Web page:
The only complaint users of Windows 10 have is their approach to security and feature updates. Monthly cumulative updates and updates twice a year are installed automatically, can lead to unexpected restarts that disrupt productivity and risk losing an unsaved job.
This problem is especially painful for anyone running a Windows 10 Home that does not offer settings for delaying or postponing these updates.
The original version of Windows 10 was released almost four years ago, and Microsoft has modified the automatic updates by adding Active Hours settings to ensure that mandatory restarts are less annoying. Recent feature updates (major updates every six months) also display more visible alerts for pending updates.
Are these changes enough for the above problems? A new study by a team of British researchers shows that Microsoft will probably have to change its operating system much more.
The study is entitled "In Control with No Control: Perceptions and Reality of Windows 10 Home Edition Update Features (PDF), ”And was presented this week at the Workshop on Usable Security (USEC) 2019 held in San Diego, California.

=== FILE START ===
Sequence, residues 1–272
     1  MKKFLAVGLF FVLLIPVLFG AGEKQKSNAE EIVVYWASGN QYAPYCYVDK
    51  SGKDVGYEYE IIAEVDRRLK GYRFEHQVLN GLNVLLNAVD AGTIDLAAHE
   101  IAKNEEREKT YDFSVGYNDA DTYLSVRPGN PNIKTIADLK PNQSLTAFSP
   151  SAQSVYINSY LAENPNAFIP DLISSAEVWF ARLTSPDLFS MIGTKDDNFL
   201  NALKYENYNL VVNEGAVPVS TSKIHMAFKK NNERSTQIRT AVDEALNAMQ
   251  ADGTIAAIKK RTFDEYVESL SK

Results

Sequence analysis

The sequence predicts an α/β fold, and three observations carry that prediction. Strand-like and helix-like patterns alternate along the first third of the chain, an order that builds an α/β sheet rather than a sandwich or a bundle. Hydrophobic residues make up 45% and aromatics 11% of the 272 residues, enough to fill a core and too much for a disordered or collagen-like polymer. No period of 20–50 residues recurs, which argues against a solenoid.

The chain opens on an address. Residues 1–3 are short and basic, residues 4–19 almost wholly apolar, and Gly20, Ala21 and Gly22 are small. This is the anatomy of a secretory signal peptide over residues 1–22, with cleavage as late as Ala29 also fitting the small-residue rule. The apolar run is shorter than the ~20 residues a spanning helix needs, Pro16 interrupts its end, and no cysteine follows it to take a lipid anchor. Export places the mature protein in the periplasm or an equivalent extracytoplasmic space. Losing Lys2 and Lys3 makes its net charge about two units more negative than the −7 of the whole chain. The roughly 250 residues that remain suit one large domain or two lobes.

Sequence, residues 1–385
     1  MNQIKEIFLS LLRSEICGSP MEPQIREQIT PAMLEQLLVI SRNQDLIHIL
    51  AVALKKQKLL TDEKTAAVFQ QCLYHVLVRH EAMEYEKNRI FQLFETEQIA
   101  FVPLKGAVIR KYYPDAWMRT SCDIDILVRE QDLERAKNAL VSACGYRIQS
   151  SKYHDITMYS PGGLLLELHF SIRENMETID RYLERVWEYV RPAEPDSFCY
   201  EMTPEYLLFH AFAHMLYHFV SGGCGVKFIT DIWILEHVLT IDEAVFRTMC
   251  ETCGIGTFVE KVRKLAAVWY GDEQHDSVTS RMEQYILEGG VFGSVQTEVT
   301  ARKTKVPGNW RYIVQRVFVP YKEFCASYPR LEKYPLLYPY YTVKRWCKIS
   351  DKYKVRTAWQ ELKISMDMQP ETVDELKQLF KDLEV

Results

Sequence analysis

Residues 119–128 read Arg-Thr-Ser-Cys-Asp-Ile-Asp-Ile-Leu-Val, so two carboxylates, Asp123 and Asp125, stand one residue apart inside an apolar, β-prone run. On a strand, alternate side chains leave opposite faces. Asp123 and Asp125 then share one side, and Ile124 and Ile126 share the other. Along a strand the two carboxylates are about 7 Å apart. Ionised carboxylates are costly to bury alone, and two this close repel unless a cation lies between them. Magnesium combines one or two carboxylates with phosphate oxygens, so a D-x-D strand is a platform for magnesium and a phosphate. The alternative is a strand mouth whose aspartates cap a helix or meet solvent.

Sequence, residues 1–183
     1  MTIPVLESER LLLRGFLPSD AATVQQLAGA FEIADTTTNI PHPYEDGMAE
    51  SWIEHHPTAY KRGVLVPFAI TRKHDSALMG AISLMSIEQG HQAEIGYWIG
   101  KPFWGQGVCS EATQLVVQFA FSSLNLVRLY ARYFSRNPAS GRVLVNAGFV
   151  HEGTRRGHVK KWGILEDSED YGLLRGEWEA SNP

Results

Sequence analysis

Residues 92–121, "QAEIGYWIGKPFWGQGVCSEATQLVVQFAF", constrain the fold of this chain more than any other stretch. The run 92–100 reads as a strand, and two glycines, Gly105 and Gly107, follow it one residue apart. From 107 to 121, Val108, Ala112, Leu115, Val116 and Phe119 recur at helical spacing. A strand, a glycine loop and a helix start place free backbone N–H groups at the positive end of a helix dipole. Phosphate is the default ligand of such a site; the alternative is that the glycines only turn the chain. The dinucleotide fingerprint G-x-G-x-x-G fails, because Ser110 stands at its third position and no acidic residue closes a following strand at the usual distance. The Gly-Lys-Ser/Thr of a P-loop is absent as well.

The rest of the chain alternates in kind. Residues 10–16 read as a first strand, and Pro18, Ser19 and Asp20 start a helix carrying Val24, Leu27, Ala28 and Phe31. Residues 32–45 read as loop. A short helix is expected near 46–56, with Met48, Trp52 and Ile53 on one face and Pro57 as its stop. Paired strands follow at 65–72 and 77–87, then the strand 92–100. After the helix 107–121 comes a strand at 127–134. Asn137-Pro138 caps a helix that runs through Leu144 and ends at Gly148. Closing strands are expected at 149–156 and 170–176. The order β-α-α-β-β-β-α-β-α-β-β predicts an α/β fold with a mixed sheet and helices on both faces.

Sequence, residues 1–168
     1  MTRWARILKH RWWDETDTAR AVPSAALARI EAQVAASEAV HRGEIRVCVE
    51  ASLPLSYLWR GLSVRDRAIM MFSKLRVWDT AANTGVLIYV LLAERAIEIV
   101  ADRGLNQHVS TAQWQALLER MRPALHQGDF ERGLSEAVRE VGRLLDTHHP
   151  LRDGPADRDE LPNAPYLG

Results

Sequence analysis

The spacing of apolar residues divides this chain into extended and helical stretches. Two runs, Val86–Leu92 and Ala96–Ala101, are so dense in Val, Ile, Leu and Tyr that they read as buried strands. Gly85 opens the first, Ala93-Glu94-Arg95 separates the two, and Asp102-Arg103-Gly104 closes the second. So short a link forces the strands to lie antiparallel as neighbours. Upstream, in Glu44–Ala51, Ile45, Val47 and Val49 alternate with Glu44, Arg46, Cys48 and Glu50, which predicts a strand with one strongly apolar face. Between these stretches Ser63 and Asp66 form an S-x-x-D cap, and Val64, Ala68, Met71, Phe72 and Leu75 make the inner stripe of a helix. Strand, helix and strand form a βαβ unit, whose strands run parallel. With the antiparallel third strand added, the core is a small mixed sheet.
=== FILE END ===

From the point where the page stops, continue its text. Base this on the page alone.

Researchers Jason Morris, Ingolf Becker and Simon Parkin from University College London created a detailed model of the Windows 10 update process and then followed a team of 93 Windows 10 Home users.
In general, the survey respondents believe that the approach of Windows 10 to updates is better than that of the first versions. Among participants who had experience with previous versions of Windows, 53% said they felt that updating Windows 10 was easier, compared with only 8% who found the process difficult.
Similarly, the majority of respondents agreed that the Windows 10 update process causes fewer interruptions than in previous versions (43% agreed, 21% disagreed).
What Microsoft has failed to do, according to the researchers, is develop a system of updates that is universally understood and does not depend on the properties of the system.
This system, shown in the diagram below, is too complex for the average home user to understand.
Function Active Hours received very negative reviews, as the researchers claim that the default settings were inappropriate for 97% of the people who took part in their tests.
Another notable finding of this particular research is that users do not understand how often updates are released, and do not understand the difference between monthly quality updates and half-yearly updates that bring new features.